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I'm trying to find the correct settings to utilize Zoom as our virtual Writing Center. We have one tutor designated as a "greeter" each day log into the Zoom account, create the breakout rooms for all tutors on shift for the day, and make all incoming tutors co-hosts.
The issue we are running into is when a tutor tries logging into the account from a new device or location, they are required to verify themselves by checking the email address associated to the account. The central email account for the Writing Center is a gmail, which unfortunately has it's own 2-factor authentication that kicks a verification code to my own personal email. What this means is that any time a tutor is required to verify themselves to open the center, they need to contact me so I can check my email and give them a verification code to gain access to the gmail, so they can get another code to gain access to the Zoom account. This is a problem because I'm also a part-time instructor and am not always available to do this. Plus it's just several unnecessary steps that slow down the process of opening the center.
My question is: what sort of settings do other college tutoring centers or similar organizations use to allow multiple users the ability to open an account's personal meeting?
I have scoured the settings and am coming up empty handed and confused, and apparently my account type does not allow me the option to call support. I see that there is an "alternative hosts" option, but when attempting to add my tutors by their college-provided emails I get a pop up saying "only paid users can be added as alternative hosts," and I'm unsure why since their college accounts should be paid for.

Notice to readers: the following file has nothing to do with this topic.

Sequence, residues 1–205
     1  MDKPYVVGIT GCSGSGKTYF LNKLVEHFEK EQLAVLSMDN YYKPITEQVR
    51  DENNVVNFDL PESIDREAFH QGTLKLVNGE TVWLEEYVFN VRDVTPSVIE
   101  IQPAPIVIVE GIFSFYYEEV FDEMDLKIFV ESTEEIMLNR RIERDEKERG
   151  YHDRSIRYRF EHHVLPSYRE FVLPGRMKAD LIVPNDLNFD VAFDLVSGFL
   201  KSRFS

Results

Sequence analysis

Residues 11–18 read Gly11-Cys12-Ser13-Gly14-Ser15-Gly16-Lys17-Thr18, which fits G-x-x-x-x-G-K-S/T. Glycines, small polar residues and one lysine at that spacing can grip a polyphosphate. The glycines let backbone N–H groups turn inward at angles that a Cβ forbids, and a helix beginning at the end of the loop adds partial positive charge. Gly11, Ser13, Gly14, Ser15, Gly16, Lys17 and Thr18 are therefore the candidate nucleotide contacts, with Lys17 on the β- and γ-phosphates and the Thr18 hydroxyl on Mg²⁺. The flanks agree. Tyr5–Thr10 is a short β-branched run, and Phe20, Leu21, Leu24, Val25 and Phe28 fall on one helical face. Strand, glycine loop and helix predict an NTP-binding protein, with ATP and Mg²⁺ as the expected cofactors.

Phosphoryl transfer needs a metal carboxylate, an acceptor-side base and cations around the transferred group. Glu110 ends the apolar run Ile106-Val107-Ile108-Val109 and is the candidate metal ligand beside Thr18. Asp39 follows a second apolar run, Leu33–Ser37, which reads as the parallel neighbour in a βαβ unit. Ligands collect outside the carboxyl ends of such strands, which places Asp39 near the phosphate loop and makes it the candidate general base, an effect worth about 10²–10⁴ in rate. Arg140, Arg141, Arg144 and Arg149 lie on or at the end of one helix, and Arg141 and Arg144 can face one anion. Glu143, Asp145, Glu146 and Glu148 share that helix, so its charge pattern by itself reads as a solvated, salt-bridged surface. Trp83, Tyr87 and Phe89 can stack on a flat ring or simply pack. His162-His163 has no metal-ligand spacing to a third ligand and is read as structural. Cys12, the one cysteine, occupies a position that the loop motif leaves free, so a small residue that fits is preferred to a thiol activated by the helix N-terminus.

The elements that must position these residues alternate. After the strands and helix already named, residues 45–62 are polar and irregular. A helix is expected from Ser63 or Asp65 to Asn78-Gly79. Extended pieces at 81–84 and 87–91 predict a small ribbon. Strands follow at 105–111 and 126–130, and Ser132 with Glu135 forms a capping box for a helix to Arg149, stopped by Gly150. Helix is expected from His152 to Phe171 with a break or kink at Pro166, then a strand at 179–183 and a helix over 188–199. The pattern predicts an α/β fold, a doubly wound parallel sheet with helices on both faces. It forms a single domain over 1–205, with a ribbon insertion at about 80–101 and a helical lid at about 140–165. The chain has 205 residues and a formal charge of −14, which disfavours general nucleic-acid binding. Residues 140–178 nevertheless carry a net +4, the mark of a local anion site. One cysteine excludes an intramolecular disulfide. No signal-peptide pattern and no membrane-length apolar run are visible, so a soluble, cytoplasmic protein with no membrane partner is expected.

Any tips or insight would be greatly appreciated!
Hey there, @ElijahD,
Hopefully you'll get some insight from some other educators, but in the meantime, I'll try to help you out.
First of all, the Alt Host not only has to be a paid account, but it must be on the same organizational account. If they are on a university account, and let's say for example you're on an account with a tutoring service... they can't be Alt Hosts for you. If on the other hand you are ALL on the same university's Zoom account, you should be able to, and I'd contact your Zoom Admin for assistance.
Next, it sounds to me like you are setting up the meeting, and it's technically "your meeting", but frequently someone else needs to be the meeting host -- as an example, you can't be there every day, but you want the same meeting ID to be there so all the students can easily join. Your best bet in this case is to use the Host Key feature, where you share the special "host key" the other potential hosts, and they can "claim host" once they enter the meeting.
There are several other things to know about Host Key:
Lastly, sharing Zoom account credentials (username and password) is against Zoom's Terms and Conditions. I know... "lot's of people do it", which is why the additional account confirmation processes are being put into place by Zoom.